South India 42
Food in Tamil literature 43
Rice in the southern diet 45
Other foods of the south 46
Trade in food in ancient south India 50
BOX 6: TAMIL LITERATURE 44
BOX 7: CHEWING THE BETEL LEAF 48
Chapter 5: Meat and Drinks  
The prevalence of meat-eating 53
The emergence of prohibition and the spread of vegetarianism 55
Alcoholic beverages 57
BOX 8: THE DRESSING OF MEAT 54
BOX 9: A CHOICE OF LIQUORS 59
Chapter 6: India Food Ethos  
Aryan food beliefs 61
The idea offood 61
The classification of food 61
Kaccha and pucca foods 62
Pollution and food 63
Domestic cooking practices 64
Eating rituals and ceremonies 64
Festival and temple foods 69
Fasts 69
Buddhist food concepts 70
Jain ethos 72
The Sikh dispensation 72
The Jewish food laws 73
The Christian ethic 74
Food among the Parsis 74
Food and Islam 75
BOX 10: HINDU FOOD TAXONOMY 65
BOX 11: GOOD HOST AND HONOURED GUEST 66
Chapter 7: Food and The Indian Doctors  
Hot and cold foods 77
Recommended amounts and kinds of food 79
Foodgrains 82
Oil seeds and oils 83
Vegetables and fruit 83
Milk and its products 83
Flesh foods 84
Sweet items 85
Salt, vinegar and asafoetida 86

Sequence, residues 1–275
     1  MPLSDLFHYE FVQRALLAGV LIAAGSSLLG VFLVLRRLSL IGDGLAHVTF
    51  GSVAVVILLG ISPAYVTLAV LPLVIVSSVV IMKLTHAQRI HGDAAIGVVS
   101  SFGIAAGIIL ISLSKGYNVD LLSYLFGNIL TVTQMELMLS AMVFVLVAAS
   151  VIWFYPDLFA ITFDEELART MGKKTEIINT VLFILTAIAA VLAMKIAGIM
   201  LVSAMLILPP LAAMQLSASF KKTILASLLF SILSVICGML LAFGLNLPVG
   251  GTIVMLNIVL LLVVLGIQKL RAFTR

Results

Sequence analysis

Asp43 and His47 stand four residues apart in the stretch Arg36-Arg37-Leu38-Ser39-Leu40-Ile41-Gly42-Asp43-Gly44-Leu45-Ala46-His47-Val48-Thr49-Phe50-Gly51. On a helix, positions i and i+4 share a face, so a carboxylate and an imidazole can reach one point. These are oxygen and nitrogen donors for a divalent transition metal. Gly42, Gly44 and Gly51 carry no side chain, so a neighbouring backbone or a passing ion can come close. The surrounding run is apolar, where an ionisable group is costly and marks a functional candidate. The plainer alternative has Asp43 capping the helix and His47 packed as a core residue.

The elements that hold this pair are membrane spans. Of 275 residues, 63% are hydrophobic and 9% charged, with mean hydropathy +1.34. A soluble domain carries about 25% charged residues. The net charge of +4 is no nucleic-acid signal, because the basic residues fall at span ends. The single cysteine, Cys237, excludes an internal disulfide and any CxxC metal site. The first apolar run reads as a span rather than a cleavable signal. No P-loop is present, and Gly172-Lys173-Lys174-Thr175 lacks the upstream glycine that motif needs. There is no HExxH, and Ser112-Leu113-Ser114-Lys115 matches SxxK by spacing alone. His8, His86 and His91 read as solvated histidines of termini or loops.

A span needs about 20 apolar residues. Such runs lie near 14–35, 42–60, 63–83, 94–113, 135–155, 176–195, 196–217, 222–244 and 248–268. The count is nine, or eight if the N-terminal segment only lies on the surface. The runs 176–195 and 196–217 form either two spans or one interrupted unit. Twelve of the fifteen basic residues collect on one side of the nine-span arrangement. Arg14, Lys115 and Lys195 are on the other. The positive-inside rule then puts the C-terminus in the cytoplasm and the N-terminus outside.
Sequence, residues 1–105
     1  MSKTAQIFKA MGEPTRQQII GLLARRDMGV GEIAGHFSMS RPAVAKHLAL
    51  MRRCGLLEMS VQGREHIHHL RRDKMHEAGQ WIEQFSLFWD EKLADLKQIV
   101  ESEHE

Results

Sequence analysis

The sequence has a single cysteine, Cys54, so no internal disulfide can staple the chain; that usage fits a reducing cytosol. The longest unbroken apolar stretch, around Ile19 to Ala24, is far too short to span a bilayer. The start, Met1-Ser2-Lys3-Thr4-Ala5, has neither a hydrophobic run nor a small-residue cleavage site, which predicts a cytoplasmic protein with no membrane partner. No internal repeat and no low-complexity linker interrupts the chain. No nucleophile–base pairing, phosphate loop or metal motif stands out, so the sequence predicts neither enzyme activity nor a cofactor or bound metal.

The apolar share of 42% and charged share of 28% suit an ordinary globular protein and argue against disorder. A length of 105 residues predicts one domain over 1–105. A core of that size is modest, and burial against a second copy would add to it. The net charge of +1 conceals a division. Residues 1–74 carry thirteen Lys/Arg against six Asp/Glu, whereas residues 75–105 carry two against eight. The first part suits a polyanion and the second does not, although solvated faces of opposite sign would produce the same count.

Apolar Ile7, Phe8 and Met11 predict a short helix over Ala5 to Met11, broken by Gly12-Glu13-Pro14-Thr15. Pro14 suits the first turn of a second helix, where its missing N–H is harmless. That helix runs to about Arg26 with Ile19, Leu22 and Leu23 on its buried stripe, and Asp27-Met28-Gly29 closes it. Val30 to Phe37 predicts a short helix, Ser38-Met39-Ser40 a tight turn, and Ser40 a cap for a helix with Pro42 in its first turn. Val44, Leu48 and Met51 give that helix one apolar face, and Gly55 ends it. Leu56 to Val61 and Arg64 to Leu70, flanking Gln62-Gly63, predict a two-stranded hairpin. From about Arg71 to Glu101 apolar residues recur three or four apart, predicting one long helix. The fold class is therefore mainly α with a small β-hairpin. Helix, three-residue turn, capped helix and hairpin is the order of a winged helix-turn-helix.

Water 87
Therapeutic diets 87
BOX 12: FATHERS OF INDIAN MEDICAL SCIENCE 78
BOX 13: A WIDESPREAD FOOD THEORY 80
Chapter 8: Royal Fare  
Manasollasa 88
Rice. wheat and imagination 88
Meat for a king 90
The many wonders of milk 91
Satisfying a sweet tooth 91
Foods of a royal couple 92
Karnataka 92
Royal feasts 92
Dining together 92
Sivatattvaratnakara 93
The royal kitchen and cooking accoutrements 93
Kinds of food 94
Accompaniments 94
North India 95
Epic feasts 95
Three royal meals 95
BOX 14: ROYAL AUTHORS 89
BOX 15: ROYAL RECIPES 96
Chapter 9: Utensils and Food Preparation  
Domestic operations 98
Grinding and pounding 98
Ways of cooking 101
Kitchen and table utensils 103
Large-scale operations 108
Professional cooking and dining 108
Alcoholic drinks 108
Parched. puffed and parboiled rice 110
Oilseed processing 110
Sugarcane pressing and juice processing 112
Honey 114